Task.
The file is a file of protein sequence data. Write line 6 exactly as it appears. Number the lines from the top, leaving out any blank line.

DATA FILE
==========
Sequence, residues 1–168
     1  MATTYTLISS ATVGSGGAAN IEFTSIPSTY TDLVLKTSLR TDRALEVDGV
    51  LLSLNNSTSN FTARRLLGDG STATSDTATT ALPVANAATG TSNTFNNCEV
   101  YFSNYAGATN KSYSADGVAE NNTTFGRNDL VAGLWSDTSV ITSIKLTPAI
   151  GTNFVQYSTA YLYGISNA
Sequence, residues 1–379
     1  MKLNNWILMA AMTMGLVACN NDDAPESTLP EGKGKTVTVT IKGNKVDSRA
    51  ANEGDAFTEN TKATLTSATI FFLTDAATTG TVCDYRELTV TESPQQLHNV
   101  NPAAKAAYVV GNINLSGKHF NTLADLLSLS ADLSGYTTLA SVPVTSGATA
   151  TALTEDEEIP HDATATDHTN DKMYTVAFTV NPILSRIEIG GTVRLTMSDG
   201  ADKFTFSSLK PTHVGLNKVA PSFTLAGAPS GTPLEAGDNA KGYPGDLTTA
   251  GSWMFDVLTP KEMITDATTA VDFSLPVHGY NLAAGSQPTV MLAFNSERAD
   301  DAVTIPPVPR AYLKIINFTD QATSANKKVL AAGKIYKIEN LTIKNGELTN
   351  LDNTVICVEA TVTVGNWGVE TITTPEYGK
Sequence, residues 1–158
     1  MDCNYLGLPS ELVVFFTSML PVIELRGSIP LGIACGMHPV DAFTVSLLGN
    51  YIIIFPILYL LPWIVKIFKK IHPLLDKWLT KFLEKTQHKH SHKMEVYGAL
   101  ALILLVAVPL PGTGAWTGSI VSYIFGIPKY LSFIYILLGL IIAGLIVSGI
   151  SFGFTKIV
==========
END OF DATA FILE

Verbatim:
Sequence, residues 1–379